AHA Sends Second ‘Wish List’ to President-Elect Trump

Association offers suggestions for cutting red tape

For the second time in three days, the American Hospital Association (AHA) has provided President-elect Donald Trump with a list of requests for regulatory reforms to reduce bureaucratic red tape.

“The balance between flexibility in patient care and regulatory burden seems to have reached a tipping point,” the letter said. “The Centers for Medicare and Medicaid Services (CMS) and other agencies of the Department of Health and Human Services (HHS) released 43 hospital-related proposed and final rules in the first 10 months of the year alone, comprising almost 21,000 pages of text. In addition to the sheer volume, the scope of changes required by the new regulations is beginning to outstrip the field’s ability to absorb them.”

The AHA suggested the following actions to reduce the burden on hospitals and patients resulting from regulations promulgated by the CMS:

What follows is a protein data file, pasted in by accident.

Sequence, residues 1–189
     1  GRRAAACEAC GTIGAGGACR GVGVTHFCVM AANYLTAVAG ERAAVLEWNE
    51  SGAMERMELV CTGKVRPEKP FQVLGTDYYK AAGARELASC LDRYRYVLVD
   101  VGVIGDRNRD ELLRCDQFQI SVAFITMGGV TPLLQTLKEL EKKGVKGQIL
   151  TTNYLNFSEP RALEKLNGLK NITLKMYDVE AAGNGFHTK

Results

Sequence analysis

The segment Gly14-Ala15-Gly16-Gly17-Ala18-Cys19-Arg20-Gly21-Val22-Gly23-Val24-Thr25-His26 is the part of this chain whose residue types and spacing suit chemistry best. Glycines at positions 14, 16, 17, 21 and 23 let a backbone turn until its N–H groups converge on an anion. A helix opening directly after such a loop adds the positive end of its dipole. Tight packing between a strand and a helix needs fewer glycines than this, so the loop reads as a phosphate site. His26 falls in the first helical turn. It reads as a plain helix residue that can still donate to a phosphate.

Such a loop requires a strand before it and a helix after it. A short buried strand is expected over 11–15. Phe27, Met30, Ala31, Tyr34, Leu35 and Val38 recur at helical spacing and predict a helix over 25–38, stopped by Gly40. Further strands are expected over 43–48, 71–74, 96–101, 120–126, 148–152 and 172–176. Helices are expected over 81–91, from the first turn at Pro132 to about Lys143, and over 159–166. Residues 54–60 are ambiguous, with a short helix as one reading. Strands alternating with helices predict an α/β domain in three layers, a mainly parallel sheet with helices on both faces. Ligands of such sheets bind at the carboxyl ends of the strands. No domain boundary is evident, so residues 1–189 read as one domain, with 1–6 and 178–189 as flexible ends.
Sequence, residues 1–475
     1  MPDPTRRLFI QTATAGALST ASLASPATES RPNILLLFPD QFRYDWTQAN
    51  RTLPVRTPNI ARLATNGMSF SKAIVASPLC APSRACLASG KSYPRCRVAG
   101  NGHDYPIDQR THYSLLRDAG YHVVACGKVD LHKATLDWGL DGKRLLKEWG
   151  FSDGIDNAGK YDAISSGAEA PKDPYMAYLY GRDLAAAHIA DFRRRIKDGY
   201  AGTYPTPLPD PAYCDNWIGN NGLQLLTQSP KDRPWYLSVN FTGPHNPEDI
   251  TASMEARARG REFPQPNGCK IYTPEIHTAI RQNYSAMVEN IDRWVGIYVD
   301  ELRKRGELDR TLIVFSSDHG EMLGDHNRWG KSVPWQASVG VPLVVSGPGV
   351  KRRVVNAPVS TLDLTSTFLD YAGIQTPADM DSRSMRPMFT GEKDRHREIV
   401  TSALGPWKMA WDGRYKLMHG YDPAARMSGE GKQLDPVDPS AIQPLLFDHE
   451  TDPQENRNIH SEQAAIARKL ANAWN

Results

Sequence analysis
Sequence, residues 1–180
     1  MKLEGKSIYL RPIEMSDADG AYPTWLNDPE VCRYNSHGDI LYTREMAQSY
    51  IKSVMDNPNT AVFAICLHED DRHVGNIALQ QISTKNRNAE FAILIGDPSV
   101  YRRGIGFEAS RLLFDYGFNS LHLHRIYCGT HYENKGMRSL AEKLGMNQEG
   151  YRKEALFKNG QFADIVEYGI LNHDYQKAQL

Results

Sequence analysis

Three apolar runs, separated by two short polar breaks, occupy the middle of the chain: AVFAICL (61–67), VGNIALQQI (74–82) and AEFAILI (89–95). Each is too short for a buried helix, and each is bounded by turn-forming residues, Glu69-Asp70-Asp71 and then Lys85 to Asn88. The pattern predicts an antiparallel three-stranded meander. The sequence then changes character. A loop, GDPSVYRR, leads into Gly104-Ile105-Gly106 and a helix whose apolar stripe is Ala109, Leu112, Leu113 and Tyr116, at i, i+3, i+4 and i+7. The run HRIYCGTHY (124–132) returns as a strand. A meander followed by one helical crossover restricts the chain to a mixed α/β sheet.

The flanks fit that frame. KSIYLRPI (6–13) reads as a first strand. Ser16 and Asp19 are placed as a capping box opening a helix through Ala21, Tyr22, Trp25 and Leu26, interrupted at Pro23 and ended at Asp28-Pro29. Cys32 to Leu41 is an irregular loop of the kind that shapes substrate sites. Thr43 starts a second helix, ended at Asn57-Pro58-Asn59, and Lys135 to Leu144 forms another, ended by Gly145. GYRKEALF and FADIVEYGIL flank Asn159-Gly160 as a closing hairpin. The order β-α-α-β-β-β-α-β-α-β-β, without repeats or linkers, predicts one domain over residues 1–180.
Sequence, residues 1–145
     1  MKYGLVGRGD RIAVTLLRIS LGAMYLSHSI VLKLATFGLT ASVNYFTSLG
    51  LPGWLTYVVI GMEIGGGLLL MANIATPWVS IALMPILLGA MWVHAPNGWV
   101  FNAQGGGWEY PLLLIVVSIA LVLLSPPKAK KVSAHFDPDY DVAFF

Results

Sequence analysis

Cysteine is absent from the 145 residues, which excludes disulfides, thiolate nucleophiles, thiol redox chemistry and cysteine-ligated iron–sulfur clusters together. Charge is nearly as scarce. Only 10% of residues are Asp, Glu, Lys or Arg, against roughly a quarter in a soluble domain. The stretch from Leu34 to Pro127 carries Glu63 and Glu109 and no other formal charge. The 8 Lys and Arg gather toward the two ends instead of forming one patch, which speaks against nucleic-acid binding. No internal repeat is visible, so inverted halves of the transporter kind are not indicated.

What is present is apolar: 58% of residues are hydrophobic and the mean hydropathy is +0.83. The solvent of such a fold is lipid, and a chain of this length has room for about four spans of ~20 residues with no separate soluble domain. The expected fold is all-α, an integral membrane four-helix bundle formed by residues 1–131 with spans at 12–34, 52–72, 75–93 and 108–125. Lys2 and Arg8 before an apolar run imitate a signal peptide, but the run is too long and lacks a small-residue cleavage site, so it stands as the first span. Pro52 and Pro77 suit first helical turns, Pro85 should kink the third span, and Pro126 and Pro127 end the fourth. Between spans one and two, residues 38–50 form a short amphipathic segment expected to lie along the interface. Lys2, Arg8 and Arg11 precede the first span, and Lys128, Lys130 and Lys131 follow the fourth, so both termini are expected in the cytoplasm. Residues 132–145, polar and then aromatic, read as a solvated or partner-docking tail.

• Suspend hospital star ratings
  • Cancel stage 3 of the “meaningful use” program
  • Suspend electronic clinical quality measure reporting requirements
  • Remove faulty hospital quality measures
  • Eliminate unfair long-term care hospital (LTCH) regulation
  • End home health agency pre-claim review
  • Restore compliant codes for inpatient rehabilitation facility (IHF) 60% rule
  • Postpone and re-evaluate post-acute care quality measure requirements
  • Withdraw proposed mandatory Part B drug demonstration
  • Protect Medicaid disproportionate share hospital (DSH) payments
  • Preserve Medicaid supplemental payments in managed care
  • Stop federal agency intrusion into private-sector accreditation standards
  • Undo agency over-reach on so-called “information blocking”
  • Hold Medicare recovery audit contractors (RACs) accountable
  • Adjust readmission measures to reflect differences in sociodemographic factors
  • Provide more regulatory flexibility in payment-reform models
  • Make future bundled-payment programs voluntary
  • Expand Medicare coverage of telehealth services
  • Prohibit enforcement of direct supervision requirements
  • Prevent enforcement of 96-hour rule
  • Allow flexibility for providers who want to share treatment space to address gaps in patients’ access to care
  • Rescind CMS guidance prohibiting the use of secure units in hospitals treating patients who are prison or jail inmates
  • Modify conditions of participation (CoPs) to allow hospitals to recommend post-acute care providers
  • Create Stark regulatory exception for clinical integration arrangements

Source: AHA; December 2, 2016.